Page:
Wine has been produced in Maryland since the early 1600s. The emphasis was on local consumption for over 300 years. It still is. In 1930; Philip Wagner, a columnist with the Baltimore Sun Newspaper, published a book titled “American Wines and How to Make Them.” The title was later changed to “Grapes into Wine.” This book became the definitive book on winemaking in America.
Maryland has been blessed with a wide array of climates for a state of its size. There is the eastern half of Maryland, which includes parts of Baltimore County and the eastern shore. This is called the Atlantic Coastal Plain. Here the soil is very sandy and muddy, which is well drained, and has The Chesapeake Bay to moderate its temperatures. There are a numerous variety of grapes grown in this region.
In the center of the state is a region called the Piedmont. The climate there is very hot and humid in the summer and moderately cold with significant snowfall in the winter. The Piedmont features two very important “wine trails,” the Frederick Wine Trail and the Mason-Dixon Wine Trail. Both of these trails will take you to wineries that feature Cabernet Sauvignon, Merlot, Cabernet Franc, Chardonnay, and Pinot Gris.
The next region is called the Southern Region. The Southern Region consists of Anne Arundel, Prince George’s, Calvert, Charles, and St. Mary’s Counties. The region is significant because, during the summer, the temperature gets quite hot and stays hot day and night. This may not be good for some varietals, however many Southern Italian and Mediterranean varietals are found in this region. Some examples are Sangiovese, Montepulciano, Vidal, and Chardonnay.
The last region I should mention is the Western Mountain region, reaching almost into West Virginia. Grapes grown in this region must be cold-hardy and able to withstand long winters and a short growing season. Somebody must be doing something that agrees with Bacchus because there are several vineyards and two thriving wineries. Varietals found in this area include Cabernet Sauvignon, Chardonnay, Norton, and Vidal.
I spoke with the Maryland Wine Association a short time ago. They have a three-word expression wherein they call Maryland “America in Miniature.” They are, of course, referring to the many and varied soils from the growing regions that I mentioned above. Maryland is a small state that seems to have it all; soil, ideal micro-climates, many different grape varieties, and very serious and talented people.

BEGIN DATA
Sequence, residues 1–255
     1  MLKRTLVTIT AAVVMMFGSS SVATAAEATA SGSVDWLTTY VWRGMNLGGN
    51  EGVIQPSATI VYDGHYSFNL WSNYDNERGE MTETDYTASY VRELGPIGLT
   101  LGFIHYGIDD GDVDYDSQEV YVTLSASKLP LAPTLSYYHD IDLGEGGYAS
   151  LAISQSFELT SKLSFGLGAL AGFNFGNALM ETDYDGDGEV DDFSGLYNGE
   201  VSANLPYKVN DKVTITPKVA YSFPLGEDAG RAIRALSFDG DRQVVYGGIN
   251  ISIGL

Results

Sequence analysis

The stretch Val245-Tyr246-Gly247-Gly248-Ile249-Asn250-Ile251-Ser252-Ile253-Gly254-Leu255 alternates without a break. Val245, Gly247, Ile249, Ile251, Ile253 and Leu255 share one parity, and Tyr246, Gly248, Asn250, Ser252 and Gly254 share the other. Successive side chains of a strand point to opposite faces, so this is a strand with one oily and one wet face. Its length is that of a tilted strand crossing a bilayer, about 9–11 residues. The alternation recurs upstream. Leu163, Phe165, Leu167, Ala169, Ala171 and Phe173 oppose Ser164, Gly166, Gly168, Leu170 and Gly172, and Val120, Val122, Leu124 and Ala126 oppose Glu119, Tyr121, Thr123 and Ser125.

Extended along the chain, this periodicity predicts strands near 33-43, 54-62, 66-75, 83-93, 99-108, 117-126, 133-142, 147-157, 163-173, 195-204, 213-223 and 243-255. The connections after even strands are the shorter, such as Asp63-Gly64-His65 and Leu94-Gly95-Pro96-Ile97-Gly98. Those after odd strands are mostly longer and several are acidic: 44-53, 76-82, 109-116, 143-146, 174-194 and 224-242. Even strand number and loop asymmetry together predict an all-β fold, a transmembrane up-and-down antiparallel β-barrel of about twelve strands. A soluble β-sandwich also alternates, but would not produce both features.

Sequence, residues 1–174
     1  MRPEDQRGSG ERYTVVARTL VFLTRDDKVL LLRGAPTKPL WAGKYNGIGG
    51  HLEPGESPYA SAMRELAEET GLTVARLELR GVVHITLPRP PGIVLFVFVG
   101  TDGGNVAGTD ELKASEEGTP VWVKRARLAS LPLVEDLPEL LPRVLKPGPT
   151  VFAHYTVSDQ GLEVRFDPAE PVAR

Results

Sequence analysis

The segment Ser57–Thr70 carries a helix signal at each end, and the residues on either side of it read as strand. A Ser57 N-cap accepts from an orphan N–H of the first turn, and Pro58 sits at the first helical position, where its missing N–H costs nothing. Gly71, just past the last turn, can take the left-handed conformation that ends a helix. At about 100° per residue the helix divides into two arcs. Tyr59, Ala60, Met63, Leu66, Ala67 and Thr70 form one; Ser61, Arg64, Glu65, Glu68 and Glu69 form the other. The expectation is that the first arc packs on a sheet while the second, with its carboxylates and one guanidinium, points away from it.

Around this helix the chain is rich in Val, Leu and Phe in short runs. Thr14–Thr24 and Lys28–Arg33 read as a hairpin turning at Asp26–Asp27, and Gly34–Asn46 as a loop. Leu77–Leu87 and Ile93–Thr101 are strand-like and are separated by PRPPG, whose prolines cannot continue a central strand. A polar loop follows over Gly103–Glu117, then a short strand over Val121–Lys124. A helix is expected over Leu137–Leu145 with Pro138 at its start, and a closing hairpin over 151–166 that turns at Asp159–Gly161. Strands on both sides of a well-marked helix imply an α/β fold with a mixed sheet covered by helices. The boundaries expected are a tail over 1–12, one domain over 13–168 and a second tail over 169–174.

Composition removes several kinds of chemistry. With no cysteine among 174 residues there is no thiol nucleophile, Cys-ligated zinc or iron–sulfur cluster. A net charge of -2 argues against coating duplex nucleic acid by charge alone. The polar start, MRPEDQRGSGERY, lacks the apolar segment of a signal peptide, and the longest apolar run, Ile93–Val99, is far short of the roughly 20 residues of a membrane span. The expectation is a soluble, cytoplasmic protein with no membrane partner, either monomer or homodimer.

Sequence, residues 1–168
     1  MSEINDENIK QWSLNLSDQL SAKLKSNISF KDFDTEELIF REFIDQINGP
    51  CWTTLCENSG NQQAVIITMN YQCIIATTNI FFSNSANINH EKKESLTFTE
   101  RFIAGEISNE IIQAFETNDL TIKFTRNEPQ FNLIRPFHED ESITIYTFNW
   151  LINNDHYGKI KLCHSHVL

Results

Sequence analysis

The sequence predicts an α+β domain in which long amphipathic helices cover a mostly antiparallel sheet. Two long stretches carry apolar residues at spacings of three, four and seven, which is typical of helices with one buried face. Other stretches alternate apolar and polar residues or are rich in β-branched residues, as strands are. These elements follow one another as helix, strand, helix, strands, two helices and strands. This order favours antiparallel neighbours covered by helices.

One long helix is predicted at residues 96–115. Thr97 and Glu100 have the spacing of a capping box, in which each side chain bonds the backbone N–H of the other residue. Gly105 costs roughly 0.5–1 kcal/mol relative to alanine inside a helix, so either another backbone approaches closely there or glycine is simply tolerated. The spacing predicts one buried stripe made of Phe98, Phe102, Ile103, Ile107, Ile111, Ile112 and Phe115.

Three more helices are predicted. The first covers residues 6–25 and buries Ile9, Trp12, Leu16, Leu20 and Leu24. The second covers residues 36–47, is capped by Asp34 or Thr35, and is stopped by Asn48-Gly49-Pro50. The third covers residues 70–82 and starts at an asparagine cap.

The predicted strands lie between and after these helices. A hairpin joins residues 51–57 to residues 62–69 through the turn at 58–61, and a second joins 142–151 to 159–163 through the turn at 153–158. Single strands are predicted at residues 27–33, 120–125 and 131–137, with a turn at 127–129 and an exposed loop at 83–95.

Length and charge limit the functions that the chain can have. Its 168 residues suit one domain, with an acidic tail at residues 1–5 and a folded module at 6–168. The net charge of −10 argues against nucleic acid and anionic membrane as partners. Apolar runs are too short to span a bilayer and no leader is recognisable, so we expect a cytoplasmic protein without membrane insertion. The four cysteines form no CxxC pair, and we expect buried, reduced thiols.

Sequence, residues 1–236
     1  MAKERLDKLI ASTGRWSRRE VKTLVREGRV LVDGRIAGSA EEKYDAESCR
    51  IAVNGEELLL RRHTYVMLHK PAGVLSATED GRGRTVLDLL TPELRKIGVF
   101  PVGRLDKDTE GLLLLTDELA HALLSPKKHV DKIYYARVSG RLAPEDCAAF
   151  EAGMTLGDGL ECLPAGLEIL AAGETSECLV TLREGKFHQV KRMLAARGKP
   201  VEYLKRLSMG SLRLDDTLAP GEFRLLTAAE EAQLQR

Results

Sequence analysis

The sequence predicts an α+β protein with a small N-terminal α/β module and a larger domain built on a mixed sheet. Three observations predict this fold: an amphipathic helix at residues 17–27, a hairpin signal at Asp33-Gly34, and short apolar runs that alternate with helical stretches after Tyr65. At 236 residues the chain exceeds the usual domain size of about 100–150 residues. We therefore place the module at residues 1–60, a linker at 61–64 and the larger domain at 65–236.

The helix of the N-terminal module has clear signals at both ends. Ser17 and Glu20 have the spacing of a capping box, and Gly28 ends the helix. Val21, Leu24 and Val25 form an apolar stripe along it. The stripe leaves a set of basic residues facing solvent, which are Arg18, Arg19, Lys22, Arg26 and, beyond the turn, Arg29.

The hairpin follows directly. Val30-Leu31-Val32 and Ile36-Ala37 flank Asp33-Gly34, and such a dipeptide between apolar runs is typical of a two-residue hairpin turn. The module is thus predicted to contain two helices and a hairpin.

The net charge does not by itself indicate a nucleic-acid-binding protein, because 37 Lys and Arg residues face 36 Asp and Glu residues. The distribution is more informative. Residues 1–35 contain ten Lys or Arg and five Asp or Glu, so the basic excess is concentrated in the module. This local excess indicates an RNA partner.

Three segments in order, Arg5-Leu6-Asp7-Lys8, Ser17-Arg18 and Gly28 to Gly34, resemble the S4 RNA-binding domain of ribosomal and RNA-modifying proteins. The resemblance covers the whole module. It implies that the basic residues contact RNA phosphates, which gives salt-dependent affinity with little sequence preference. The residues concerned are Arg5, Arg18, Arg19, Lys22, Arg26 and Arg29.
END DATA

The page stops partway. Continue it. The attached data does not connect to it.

The wines of the Terrapin State are, for the most part, consumed within the state itself. Wineries have met with great success selling wines through distributors to retail stores or at the winery itself. Most wineries feature tasting rooms, and these are well attended. One very successful promotion is the “Weekend Wine Trail Traveler.” Simply look for a wine trail on the internet and follow it to your chosen winery. There seems to be little or no effort to market outside the State. Maybe it is in the future winds.
New York has the very famous Westminster Show. Maryland has its own version of the Westminster each year in the town of Westminster, located in Carroll County. The Maryland Wine Festival showcases Maryland wine on the third weekend of September. It has been held each year since 1985, and it plays host to 25000+ people sampling over 200 wines. (Maybe Franco and I could get the parking concession.)
Maryland wines range from the mouth-puckering dry to the very sugary sweet. Take your pick. With 52 varieties of grapes, how can you not find something to suit your palate? Cabernet Sauvignon, Chardonnay, Merlot, Pinot Gris are in abundance. Sweet wines made from grapes or other fruits are available. All of these, and many more, made possible by the very creative winemakers.
I am able to say firsthand that tooling around Maryland in your Porsche Cayenne, going from winery to winery, is not a bad way to enjoy a day off. Actually my Porsche is 2011 Lincoln SUV that Franco allows me to use on occasion.
WINESPEAK. I am able to report that Maryland is a leader in Sustainability. Sustainability is defined as using methods, systems and materials that will not deplete or harm natural cycles.
Next stop is New York. First the lakes region and then Long Island